seanteohTOKYO (Reuters) - Asian shares got a lift on Friday after upbeat U.S. data suggested weaker oil prices are adding momentum to the American economy, though a continued slide in crude prices kept gains in check. U.S. crude futures (CLc1) continued to drop after falling below the key psychological support level of $60 a barrel for the first time in five years, and stood at $59.30 in Asia, down more than 1 percent on the day. Brent crude (LCOc1) continued its march downwards on Friday and dropped to a 5-1/2-year low of $63 a barrel, bringing this week's losses to more than 8 percent. It was last down 0.5 percent at $63.40. MSCI's broadest index of Asia-Pacific shares outside Japan edged up about 0.2 percent, though on track for a loss of over 2 percent for the week. Global crude prices have plunged in recent weeks on massive oversupply, raising fears that deflation could hit economies around the world. But data on Thursday showed that cheaper gasoline prices apparently helped U.S. consumer spending mark broad rises last month, and jobless claims also fell. One potential risk on the horizon got a temporary reprieve, when the U.S. Senate approved a two-day extension of government funding late on Thursday to stave off shutdowns of federal agencies that otherwise would have begun at midnight. Wall Street ended higher on Thursday, but Asian investors have mostly focused on the downside of lower energy costs, which dragged down equities here this week. "The relentless decline in oil prices continues to unsettle risky asset markets. Oil prices have fallen to levels last reached in mid-2009, as OPEC cut its demand forecast to a 12-year low despite lower prices, and U.S. crude inventories rose," Barclays strategists said in a note.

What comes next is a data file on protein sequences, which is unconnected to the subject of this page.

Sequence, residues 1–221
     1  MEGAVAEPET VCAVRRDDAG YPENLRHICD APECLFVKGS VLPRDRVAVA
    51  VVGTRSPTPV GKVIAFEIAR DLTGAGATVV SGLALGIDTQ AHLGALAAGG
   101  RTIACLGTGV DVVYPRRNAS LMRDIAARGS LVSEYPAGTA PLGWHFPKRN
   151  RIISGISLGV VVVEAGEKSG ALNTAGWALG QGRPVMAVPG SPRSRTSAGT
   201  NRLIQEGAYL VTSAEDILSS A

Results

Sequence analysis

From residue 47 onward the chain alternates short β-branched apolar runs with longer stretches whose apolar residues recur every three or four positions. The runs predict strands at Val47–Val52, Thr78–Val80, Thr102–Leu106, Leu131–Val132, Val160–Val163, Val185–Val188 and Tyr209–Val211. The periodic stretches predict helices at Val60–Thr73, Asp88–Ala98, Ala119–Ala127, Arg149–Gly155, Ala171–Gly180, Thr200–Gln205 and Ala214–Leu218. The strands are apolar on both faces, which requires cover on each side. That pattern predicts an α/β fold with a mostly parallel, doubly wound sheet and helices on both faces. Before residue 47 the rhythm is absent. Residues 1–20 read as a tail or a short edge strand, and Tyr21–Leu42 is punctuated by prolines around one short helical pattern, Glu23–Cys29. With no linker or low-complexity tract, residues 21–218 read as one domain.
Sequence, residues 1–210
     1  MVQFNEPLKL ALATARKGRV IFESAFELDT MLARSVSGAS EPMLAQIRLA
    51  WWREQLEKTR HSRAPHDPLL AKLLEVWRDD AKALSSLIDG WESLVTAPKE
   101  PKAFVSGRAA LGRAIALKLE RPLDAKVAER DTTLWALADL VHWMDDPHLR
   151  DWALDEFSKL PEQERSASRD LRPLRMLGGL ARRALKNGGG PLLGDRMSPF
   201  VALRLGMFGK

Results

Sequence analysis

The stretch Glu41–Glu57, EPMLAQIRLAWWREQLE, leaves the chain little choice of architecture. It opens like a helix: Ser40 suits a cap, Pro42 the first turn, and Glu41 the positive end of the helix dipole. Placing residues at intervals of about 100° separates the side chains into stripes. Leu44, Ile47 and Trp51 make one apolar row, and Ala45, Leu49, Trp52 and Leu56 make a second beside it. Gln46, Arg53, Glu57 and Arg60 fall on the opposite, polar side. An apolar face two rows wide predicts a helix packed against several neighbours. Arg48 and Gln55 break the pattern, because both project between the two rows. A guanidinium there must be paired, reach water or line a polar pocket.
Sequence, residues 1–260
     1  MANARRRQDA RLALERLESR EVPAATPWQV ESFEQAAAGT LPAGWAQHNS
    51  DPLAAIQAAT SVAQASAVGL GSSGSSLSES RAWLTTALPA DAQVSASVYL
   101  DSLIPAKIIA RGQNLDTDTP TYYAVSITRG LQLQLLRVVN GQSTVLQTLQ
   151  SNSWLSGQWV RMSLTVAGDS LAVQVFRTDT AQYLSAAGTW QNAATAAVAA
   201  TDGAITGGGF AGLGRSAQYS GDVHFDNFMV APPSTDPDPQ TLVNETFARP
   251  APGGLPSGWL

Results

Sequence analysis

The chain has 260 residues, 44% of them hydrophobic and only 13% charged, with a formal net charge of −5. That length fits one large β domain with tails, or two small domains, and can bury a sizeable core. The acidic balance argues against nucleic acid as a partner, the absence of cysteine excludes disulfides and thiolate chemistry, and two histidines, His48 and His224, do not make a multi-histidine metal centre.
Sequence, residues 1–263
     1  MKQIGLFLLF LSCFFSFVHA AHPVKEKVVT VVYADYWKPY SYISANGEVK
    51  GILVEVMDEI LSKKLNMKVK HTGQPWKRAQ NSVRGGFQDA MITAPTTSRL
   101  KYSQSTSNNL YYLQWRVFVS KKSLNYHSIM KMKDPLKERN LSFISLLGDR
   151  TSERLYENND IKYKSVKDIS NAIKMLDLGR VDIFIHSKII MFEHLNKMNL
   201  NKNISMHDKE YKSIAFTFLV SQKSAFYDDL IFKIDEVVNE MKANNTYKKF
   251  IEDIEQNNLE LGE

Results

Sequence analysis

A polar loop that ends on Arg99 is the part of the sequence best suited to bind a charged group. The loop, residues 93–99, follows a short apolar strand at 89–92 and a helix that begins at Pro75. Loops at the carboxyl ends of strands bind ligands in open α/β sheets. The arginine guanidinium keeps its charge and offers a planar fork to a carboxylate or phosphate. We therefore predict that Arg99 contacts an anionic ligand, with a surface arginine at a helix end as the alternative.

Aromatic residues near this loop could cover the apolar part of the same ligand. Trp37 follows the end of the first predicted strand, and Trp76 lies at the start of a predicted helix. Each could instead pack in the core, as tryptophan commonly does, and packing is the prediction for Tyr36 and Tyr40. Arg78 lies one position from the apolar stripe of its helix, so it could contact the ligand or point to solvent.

seanteohUS stocks plunge as oil rout continues A rout in oil prices shook financial markets Friday, pushing stocks to their worst weekly loss in two and a half years. The stock market fell sharply as investors worried that slumping oil demand is signaling that growth outside of the U.S. is weaker than earlier thought. And while consumers and airlines will benefit from lower fuel prices, energy companies will see their earnings suffer. Some may even go out of business. "In a nation like the U.S. (as well as) Europe and most of Asia, the benefits of falling oil outweigh the costs," said Jeff Kleintop, Schwab's chief global investment strategist. "The concern is that there's something more to it, given such a sharp decline, that there's something deeper here." A rapid decline in crude hit stocks all week. Oil fell again Friday after the International Energy Agency said global demand grow less than previously forecast next year. The news drove crude down for the fourth day in five, leaving the price 12 percent lower for the week and well below $60 per barrel. Oil has now fallen 47 percent since reaching a peak of $107 in June this year. The last time oil prices were this low was when the U.S. economy was emerging from the Great Recession. "It looks as if oil is not through going down yet," said Jim Russell, a portfolio manager at Bahl and Gaynor, a wealth manager. "It's a concern for the market because it does signal probably some global growth weakness." Stocks were also hurt after a report showed that growth in factory output in China, the world's second-largest economy, declined last month. The data came after Chinese leaders affirmed their commitment to the "new normal" of slower growth as they try to steer China toward a more sustainable expansion based on domestic consumption.